Political Correctness: A Critique
Pub Date: March 01, 1995
Product Format: Essay
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Political correctness advocates see themselves as a new moral elite, secular saints destined to transform a sinful America. Political correctness questions all traditional values in the United States. The politically correct regard the United States as a racist, sexist, classist, and bigoted country, engaged in exploiting minorities, women, the poor, and Third World nations. This exploitation is often cleverly concealed but always harmful to its victims. PCers are profeminist, progay and -lesbian rights, mistrustful of Western civilization, and scornful of "dead white European males." To be PC means to distrust the enduring intellectual and moral values of American life, to divide Americans to push for group rights, not individual rights. For its admirers PC stands for diversity (read multiculturalism, ethnic studies and cultural relativism, grouping rights, sympathy for gays, lesbians, and the disadvantaged but not for white males). For its critics PC simply represents claptrap from the academic left.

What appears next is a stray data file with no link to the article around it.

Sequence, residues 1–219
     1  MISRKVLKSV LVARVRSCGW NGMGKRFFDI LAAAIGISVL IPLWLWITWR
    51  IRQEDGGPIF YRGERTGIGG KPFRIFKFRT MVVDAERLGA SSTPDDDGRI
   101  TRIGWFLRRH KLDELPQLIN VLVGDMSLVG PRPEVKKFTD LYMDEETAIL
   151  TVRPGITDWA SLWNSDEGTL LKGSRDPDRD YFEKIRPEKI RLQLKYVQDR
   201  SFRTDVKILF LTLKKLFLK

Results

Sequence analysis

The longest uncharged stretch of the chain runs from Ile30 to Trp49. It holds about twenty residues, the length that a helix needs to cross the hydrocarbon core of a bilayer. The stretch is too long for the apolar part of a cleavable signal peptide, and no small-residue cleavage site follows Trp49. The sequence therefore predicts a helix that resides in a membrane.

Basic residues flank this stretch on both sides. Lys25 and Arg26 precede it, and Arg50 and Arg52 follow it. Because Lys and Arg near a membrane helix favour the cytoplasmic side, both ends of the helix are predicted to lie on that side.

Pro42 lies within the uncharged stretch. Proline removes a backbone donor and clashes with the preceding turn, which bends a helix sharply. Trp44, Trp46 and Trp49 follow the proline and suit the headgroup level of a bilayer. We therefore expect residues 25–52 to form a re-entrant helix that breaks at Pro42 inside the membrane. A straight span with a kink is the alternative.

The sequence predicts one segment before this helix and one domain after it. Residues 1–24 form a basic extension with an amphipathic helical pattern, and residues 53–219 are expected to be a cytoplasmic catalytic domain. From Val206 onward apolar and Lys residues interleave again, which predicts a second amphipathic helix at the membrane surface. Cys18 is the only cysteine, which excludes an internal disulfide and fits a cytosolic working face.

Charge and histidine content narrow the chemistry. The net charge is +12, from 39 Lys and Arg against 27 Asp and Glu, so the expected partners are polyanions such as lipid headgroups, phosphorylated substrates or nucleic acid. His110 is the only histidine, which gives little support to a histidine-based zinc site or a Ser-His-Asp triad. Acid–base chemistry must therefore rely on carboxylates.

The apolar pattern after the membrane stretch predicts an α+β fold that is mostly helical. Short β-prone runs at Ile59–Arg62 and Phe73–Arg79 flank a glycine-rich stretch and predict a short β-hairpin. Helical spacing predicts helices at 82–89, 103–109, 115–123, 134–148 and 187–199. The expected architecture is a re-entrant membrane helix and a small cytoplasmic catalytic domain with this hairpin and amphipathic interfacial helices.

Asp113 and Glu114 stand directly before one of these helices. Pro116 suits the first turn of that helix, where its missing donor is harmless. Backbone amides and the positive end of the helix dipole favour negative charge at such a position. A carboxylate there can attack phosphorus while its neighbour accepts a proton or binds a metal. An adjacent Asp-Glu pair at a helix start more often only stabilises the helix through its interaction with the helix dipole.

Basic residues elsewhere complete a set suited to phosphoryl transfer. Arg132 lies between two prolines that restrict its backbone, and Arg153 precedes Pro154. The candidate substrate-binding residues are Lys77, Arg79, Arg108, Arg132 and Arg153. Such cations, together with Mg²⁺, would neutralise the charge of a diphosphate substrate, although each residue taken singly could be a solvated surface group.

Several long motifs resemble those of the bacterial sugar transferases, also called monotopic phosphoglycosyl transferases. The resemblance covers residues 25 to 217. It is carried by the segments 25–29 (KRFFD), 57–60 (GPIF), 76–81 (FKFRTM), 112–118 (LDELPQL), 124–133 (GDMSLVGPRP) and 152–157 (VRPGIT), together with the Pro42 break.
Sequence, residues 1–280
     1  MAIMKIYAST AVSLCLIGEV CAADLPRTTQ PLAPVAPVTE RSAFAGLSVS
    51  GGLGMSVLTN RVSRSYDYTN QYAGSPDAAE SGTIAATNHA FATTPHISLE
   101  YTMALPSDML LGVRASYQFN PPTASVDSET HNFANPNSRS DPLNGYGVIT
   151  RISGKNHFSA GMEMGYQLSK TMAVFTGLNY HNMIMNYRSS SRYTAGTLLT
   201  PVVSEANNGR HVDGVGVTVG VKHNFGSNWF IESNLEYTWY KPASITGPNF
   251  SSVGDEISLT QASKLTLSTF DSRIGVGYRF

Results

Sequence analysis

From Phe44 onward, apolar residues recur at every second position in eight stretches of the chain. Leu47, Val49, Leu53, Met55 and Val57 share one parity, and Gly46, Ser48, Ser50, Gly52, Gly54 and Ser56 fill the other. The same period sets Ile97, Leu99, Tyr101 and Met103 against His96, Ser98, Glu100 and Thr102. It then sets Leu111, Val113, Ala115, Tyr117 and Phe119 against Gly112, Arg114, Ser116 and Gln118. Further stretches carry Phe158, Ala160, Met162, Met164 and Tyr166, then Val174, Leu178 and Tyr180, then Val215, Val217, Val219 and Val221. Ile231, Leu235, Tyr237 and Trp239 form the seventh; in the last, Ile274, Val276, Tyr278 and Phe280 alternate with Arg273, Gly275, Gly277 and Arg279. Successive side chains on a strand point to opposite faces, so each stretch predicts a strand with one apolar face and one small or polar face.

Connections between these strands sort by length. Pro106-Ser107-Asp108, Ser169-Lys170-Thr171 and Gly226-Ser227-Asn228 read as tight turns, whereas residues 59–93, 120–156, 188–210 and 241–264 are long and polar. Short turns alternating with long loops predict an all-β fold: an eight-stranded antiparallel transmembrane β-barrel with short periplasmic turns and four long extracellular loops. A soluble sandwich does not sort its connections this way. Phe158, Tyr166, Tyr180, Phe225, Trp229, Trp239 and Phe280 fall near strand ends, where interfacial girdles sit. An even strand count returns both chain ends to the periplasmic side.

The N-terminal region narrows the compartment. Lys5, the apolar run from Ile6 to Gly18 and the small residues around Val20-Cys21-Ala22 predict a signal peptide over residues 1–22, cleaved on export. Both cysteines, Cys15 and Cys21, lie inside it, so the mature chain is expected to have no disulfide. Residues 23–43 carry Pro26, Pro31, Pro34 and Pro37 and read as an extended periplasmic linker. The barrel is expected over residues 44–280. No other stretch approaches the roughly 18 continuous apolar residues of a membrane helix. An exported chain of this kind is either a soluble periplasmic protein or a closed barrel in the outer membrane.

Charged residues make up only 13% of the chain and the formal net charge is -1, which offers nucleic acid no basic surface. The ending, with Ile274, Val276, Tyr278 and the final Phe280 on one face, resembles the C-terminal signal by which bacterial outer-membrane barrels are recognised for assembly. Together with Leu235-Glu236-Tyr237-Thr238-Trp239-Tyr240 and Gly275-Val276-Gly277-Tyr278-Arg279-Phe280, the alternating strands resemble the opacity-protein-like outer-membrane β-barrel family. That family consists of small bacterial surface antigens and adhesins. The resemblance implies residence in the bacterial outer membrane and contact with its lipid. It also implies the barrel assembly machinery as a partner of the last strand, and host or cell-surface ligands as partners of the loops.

The essay traces the intellectual roots of political correctness. It points to "five fallacies" embodied in this creed. It argues that political correctness poses dangers both to academic integrity and, because of its divisiveness, to democracy in general. But resistance to political correctness is growing apace. Political correctness will be overcome. For no matter what its critics say, the United States is the world's most open, egalitarian democracy and the most successful of all multiracial and multiethnic societies.